My Tiny Two Year Old
I’m five feet tall and my husband is maybe 5’7”. When I was pregnant, we joked with our friends and family that our child was never going to be in the back row in school photos.
You’d think we would have been prepared for it.
When my daughter was born, she weighed 6 pounds & 9 ounces. She was perfect. When it came time to dress her for the first time, we realized that the newborn clothes we had purchased were way too big. Even the one outfit we accidently shrunk the week before I gave birth. My husband quickly headed out to buy some smaller clothes, which ended up being size preemie. Even then, we didn’t really think too much about it, we were busy falling in love.
We felt crushed
When the public health nurse came to pay us a visit a few days after we got home from the hospital, our daughter had lost a few ounces, which we were told is normal. We were still riding an emotional high from our new addition, but it all came to an end (temporarily) rather quickly. The nurse immediately expressed concern that our baby was too small. While I was at the hospital, nurses there told me the breastfeeding was going really well, and now it wasn’t. The public health nurse suggested we use formula in addition to the breastfeeding. I felt awful. Inadequate. Like I had failed as a mother. After the nurse left, I broke down. I worried about my little baby’s health. We tried formula, but gave it up after a few days when pumping showed that I was finally producing enough milk.
A few days later, she was back to her birth weight.
Still, I became a bit obsessed with her size – I wanted to make sure she was growing. I took her to what were called Well Baby Drop In clinics (now called Baby Express) put on by the City of Ottawa, where you can have your baby weighed and talk to a nurse about anything that’s on your mind.
Among the babies there, my daughter was generally the smallest one for her age. As the weeks passed, it seems we started meeting younger babies who were bigger than her.
The worrying continued.
At every check-up, our family doctor would show us where she is on the growth chart, which was generally less the 10th percentile. She said our baby is growing at her own pace – the key point being she was growing. Happy and healthy were the words our doctor used. We have since adopted that phrase as our own now. Our doctor said we could feed her anything as long as it wasn’t junk, because she can use the calories. (So when she asks for spoonfuls of peanut butter, we don’t have a problemJ). We asked our doctor if she was worried. She said no. We actually ask our doctor that every time we see her. Every time, she says no. That definitely put us more at ease.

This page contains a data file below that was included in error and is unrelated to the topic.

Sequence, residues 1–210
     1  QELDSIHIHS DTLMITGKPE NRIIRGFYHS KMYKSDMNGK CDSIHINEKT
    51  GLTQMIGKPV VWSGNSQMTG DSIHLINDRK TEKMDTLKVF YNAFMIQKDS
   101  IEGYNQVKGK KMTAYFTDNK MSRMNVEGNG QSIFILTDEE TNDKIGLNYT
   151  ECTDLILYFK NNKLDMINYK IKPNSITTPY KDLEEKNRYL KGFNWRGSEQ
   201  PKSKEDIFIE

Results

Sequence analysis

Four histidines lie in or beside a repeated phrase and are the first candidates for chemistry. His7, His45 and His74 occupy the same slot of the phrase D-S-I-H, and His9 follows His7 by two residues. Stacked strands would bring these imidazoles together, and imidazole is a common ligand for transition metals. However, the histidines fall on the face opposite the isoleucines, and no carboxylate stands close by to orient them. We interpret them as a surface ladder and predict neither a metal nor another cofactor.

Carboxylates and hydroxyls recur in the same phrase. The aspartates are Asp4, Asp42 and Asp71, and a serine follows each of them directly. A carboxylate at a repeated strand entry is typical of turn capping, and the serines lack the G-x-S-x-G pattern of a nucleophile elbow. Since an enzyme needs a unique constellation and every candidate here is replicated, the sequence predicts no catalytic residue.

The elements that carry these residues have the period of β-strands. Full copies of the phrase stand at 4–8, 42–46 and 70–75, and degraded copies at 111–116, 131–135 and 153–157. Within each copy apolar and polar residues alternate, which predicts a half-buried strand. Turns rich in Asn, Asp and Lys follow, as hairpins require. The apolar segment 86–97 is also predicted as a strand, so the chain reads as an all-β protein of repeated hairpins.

I asked about how we can tell if she is eating enough. The doctor reassured us that she is not going to starve herself. She will eat when she is hungry.
You know ‘the look’. Strangers are particularly good at it. The ‘What are these parents doing?’/’I’m totally judging you’/‘Should I call Child Services?’ look. You might get it if your baby is crying at the grocery store, or if you’re seen bribing your child with a chocolate chip cookie. We get it a lot, but it comes right after we get asked about her age and weight. My husband jokes that we should lie to people about her age, just so we can stop getting ‘the look’.
She recently turned 2 and weighs about 19 pounds. Yes, there are babies half her age who are bigger than she is. Yes, some of her clothes are meant for 12 month olds. And yes, that means she is still rear-facing in the car.
She is growing at her own pace. She walks and talks like other 2 year olds, she just is smaller than most. And we wouldn’t have it any other way.
Keep Calm and Parent On,
Vanessa, a prairie girl at heart, is a proud mom who is happy to be raising a family here in the Nation’s Capital. She works as a reporter for CTV and is always trying to find a way to balance her professional life with her family life.